Praise be to Allaah.
There is nothing wrong with a Muslim singling out a soorah
from the Book of Allah for extra attention, whether that is reciting it or
listening to it or learning about its meanings and the like, and learning
about what it contains of rulings, exhortation, warnings and so on, without
that leading to neglect of the rest of the Qur’aan and neglecting to recite
it, so long as that is based on some special reasons such as trying to
develop a deeper understanding of the soorah or because one feels moved by
its contents and the like. It should not be based on a belief in a
particular virtue of that soorah for which there is no proof in sharee‘ah.
In a hadeeth that was narrated and classed as hasan by
at-Tirmidhi (3297), it says that the Prophet (blessings and peace of Allah
be upon him) said: “Hood, al-Waaqi‘ah, al-Mursalaat, ‘Amma yatsaa’iloon
[al-Naba’] and Idha ash-‘shamsu kuwwirat [al-Takweer] have made my
hair turn grey.”
Classed as saheeh by al-Albaani in Saheeh at-Tirmidhi.
An-Nasaa’i (1010) narrated that Abu Dharr said: The Prophet
(blessings and peace of Allah be upon him) prayed qiyaam all night,
repeating the verse (interpretation of the meaning): “If You punish them,
they are Your slaves, and if You forgive them, verily You, only You are the
All-Mighty, the All-Wise” [al-Maa’idah 5:118].
Classed as saheeh by al-Albaani in
Abu Nu‘aym narrated in al-Hilyah (2/55) with a saheeh
isnaad that ‘Urwah ibn az-Zubayr said: I entered upon Asma’ bint Abi Bakr
when she was praying and I heard her reciting this verse (interpretation of
the meaning): “But Allah has been gracious to us, and has saved us from
the torment of the Fire” [at-Toor 52:27], then she started seeking
refuge with Allah (and continued to do so). I got up to leave when she was
still seeking refuge with Allah, and I went to the marketplace. And when I
came back, she was still weeping and seeking refuge with Allah.
Ibn Sa‘d narrated in at-Tabaqaat (7/150) from Bahz ibn
Hakeem that Zaraarah ibn Awfa led them in praying Fajr in the mosque of Banu
Qushayr, and he recited until he reached the words (interpretation of the
meaning), “Then, when the Trumpet is sounded (i.e. its second blowing);
Truly, that Day will be a Hard Day. Far from easy for the disbelievers”
[al-Muddaththir 74:8-10], whereupon he fell down dead. Bahz said: I was
one of those who carried him.
Shaykh Ibn ‘Uthaymeen (may Allah have mercy on him) was
What is the ruling on preferring one soorah to another,
especially since I love to recite Soorah Maryam sometimes, for example,
because I feel comfort and joy when I recite it?
He replied: There is nothing wrong with a person preferring
one soorah of the Qur’aan over another for some reason. All of it is the
word of Allah, may He be glorified and exalted. With regard to the One Who
spoke its words, namely Allah, may He be glorified and exalted, there is no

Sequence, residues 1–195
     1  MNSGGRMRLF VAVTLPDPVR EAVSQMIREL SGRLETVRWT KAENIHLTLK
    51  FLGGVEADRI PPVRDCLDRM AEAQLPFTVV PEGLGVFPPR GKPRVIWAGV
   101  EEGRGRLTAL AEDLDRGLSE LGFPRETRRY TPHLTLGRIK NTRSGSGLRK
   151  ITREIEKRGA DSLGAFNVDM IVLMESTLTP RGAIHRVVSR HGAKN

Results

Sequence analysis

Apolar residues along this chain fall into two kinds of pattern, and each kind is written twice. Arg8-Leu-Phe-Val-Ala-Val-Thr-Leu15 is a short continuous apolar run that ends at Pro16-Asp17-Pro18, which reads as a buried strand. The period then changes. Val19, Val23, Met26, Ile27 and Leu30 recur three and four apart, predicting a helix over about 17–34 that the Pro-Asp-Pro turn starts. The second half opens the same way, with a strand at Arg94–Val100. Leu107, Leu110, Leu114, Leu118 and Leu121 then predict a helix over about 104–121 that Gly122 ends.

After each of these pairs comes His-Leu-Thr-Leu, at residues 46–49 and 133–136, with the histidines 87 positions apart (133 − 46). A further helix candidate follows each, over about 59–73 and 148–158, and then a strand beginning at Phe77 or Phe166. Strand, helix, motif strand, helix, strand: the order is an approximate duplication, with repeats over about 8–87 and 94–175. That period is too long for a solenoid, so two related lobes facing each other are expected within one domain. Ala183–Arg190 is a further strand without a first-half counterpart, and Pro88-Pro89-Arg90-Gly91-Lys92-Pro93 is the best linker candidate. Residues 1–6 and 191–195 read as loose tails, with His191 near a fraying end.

differentiation. But with regard to what it includes of great meanings,
there may be some differentiation.
Hence it is proven from the Prophet (blessings and peace of
Allah be upon him) that “The greatest soorah of the Book of Allah is Soorat
al-Faatihah and the greatest verse in the Book of Allah is Aayat al-Kurisy.”
The Prophet (blessings and peace of Allah be upon him) sent
one of the Sahaabah on an expedition, and he used to recite Qur’aan for his
companions and end with Soorat al-Ikhlaas. The Prophet (blessings and peace
of Allah be upon him) said: “Ask him why he does that?” He said: Because it
is a description of the Most Merciful and I love to recite it. The Prophet
(blessings and peace of Allah be upon him) said: “Tell him that Allah loves
It was proven from the Prophet (blessings and peace of Allah
be upon him) that “Soorat al-Ikhlaas is equivalent to one third of the
Qur’aan.” If this questioner loves to recite Soorah Maryam because of what
it contains of great and beneficial stories, and what it contains of mention
of the recompense of the Last Day, and denunciation of the one who
disbelieves and rejects the signs of Allah, and other meanings, there is
nothing wrong with that at all.
End quote from Fataawa Islamiyyah, 4/50
The point is that some parts of the Qur’aan may have a
greater impact on the heart, instilling fear or hope, than other verses or
soorahs. If the reader benefits from reciting that and has the habit of
doing so time after time, there is nothing wrong with it.
Rather what is not allowed is to think that a particular
soorah or verse has some spiritual virtue, or that the one who reads it will
have such and such reward, without that being based on any text of the
Shaykh Bakr Abu Zayd (may Allah have mercy on him) said:
It is an innovation (bid‘ah) to single out without any
evidence, a particular verse or soorah to be recited at a particular time or
in a particular place or for a particular need.
End quote from Bida‘ al-Qiraa’ah, p. 14
For more information please see the answer to question no.
And Allah knows best.